On prior songs and albums, nothing felt off the table. The constant repetition of lyrics in almost every song on the album felt like a disappointment. Every song seemed to end the same way, by repeating the same phrases over and over again. 

The one thing that the album did right was help her grow. Longer songs let her explore with lingering instrumentals. And in contrast, shorter songs allowed her to highlight her more playful writing. 

Webster perfected how to arrange the instruments around her voice. Before, she struggled to hone in on the balance between the two. Now, she found a way for her voice to be still wispy and soulful. “Underdressed At The Symphony” let Webster learn more about her band and let them help her shine.

This poll has ended.

What did you think of Faye Webster's new album?

Loading...

Sorry, there was an error loading this poll.

 

Leave a Comment
Donate to The Mirror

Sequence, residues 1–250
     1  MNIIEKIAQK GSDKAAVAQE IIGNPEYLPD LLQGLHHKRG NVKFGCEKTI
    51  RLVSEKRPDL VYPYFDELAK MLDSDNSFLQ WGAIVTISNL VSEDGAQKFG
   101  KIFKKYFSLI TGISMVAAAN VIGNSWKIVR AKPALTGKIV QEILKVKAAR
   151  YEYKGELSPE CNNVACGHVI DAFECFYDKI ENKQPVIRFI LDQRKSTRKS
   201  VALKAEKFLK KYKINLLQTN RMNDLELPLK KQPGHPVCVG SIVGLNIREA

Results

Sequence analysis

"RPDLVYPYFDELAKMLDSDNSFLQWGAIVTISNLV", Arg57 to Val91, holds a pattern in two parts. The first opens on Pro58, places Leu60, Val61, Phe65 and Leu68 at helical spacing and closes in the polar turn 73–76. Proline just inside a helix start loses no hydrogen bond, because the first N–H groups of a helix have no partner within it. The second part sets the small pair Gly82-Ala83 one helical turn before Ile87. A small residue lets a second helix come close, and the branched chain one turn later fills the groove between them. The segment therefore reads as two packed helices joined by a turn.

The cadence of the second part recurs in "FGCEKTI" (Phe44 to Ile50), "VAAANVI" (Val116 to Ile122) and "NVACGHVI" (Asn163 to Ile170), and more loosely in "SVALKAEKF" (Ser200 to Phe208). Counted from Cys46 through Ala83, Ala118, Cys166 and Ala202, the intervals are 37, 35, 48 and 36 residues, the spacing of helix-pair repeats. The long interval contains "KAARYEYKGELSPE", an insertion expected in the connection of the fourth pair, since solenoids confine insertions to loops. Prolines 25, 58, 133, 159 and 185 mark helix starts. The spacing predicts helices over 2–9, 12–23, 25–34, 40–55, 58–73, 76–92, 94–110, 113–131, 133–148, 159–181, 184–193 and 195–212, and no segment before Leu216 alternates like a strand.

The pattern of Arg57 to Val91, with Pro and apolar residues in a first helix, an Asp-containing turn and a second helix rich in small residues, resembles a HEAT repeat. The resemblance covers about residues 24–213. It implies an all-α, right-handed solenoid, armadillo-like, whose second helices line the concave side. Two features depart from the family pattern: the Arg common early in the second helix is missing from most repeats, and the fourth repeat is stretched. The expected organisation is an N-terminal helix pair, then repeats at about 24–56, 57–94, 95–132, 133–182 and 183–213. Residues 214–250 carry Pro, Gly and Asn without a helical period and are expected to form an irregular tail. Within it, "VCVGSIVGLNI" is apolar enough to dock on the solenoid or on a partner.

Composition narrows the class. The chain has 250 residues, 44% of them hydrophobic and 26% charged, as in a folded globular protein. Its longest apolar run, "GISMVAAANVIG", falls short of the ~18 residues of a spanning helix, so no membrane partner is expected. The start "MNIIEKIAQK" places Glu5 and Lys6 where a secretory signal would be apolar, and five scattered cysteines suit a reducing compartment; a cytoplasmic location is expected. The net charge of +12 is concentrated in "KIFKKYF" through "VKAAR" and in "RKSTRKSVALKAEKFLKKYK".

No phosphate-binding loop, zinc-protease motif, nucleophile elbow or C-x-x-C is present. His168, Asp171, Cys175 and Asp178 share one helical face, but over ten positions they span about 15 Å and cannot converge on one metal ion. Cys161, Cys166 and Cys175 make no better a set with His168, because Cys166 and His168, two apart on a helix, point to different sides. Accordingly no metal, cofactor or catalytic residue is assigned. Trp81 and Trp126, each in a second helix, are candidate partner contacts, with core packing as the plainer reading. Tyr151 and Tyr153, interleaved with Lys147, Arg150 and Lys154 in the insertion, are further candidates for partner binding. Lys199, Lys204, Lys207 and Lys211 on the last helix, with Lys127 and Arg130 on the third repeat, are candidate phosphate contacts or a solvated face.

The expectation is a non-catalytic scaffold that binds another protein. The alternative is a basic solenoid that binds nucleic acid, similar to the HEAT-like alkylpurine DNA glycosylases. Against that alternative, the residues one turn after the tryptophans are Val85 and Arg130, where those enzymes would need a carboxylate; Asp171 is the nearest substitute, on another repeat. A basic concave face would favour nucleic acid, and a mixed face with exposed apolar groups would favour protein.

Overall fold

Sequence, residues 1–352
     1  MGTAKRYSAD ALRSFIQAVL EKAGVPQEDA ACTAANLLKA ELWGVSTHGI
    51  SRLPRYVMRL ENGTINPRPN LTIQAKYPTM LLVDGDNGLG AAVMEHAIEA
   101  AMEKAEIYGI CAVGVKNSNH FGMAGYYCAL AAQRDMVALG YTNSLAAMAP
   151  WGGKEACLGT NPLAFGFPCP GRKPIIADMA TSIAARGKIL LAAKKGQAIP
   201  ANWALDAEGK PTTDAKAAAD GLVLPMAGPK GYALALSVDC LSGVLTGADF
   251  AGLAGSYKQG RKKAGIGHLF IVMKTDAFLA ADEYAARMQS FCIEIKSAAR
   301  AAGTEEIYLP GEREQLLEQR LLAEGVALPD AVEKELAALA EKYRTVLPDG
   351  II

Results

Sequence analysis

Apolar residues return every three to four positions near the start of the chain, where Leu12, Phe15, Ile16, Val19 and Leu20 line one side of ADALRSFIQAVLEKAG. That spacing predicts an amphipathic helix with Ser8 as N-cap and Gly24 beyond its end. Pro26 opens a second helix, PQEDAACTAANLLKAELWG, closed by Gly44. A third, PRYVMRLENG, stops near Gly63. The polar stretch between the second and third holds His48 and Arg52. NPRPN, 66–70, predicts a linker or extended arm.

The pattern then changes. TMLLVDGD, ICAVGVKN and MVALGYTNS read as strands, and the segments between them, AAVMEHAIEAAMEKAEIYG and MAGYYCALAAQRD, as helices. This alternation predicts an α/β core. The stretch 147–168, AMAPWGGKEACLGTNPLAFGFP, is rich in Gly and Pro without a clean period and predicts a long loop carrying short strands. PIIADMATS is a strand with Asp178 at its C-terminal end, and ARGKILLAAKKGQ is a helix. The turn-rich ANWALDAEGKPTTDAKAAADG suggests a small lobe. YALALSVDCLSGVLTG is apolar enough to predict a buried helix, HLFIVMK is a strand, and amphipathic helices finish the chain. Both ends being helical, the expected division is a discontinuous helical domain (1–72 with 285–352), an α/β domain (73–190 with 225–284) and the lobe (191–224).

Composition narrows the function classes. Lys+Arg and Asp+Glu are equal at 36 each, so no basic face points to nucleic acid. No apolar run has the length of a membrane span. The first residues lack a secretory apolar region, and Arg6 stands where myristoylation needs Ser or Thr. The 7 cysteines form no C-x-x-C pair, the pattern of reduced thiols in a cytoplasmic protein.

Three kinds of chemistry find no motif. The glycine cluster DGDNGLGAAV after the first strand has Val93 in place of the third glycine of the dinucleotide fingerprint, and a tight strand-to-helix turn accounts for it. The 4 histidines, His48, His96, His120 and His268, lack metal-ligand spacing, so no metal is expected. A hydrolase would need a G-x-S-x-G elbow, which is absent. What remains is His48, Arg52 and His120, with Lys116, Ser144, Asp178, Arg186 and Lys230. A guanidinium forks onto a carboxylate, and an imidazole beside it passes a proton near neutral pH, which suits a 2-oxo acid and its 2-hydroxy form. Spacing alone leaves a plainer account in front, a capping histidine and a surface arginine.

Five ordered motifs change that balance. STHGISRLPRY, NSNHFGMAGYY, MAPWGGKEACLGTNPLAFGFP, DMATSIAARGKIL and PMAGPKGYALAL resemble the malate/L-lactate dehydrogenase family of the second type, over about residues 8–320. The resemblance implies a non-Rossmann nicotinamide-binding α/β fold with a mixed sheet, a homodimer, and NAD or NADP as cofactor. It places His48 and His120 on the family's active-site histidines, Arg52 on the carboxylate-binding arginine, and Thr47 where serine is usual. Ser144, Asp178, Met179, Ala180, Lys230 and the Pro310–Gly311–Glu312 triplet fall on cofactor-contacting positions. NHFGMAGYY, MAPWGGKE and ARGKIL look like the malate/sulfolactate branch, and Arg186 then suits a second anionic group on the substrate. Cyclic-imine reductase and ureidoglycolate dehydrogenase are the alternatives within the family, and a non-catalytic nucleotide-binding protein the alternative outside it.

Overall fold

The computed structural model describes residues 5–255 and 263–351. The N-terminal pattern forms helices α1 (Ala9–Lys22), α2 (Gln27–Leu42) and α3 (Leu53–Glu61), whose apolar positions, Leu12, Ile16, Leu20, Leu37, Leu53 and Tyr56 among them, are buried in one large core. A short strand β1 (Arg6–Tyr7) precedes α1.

$410
$20000
Contributed
Our Goal

Your donation will support the student journalists of Van Nuys Senior High School. Your contribution will allow us to purchase equipment and cover our annual website hosting costs.

About the Contributor
Max Sandoval
Max Sandoval, Staff
Max is a senior in the performing arts department at VNHS. They can often be found reading books or at packed concert venues. When they are not in class, Max is in the theatre helping bring the arts to life with tech. They are excited to write about the arts and their other passions. Later in the fall, Max will attend college to further their education in technical theatre.
Donate to The Mirror
$410
$20000
Contributed
Our Goal

Comments (0)

Comments are encouraged and appreciated. All comments are moderated. Please limit all comments to the topic of the post. Observe proper online behavior rules: No name-calling, profanity or personal attacks. ALL inappropriate content will be immediately removed.
All The Mirror Picks Reader Picks Sort: Newest

Your email address will not be published. Required fields are marked *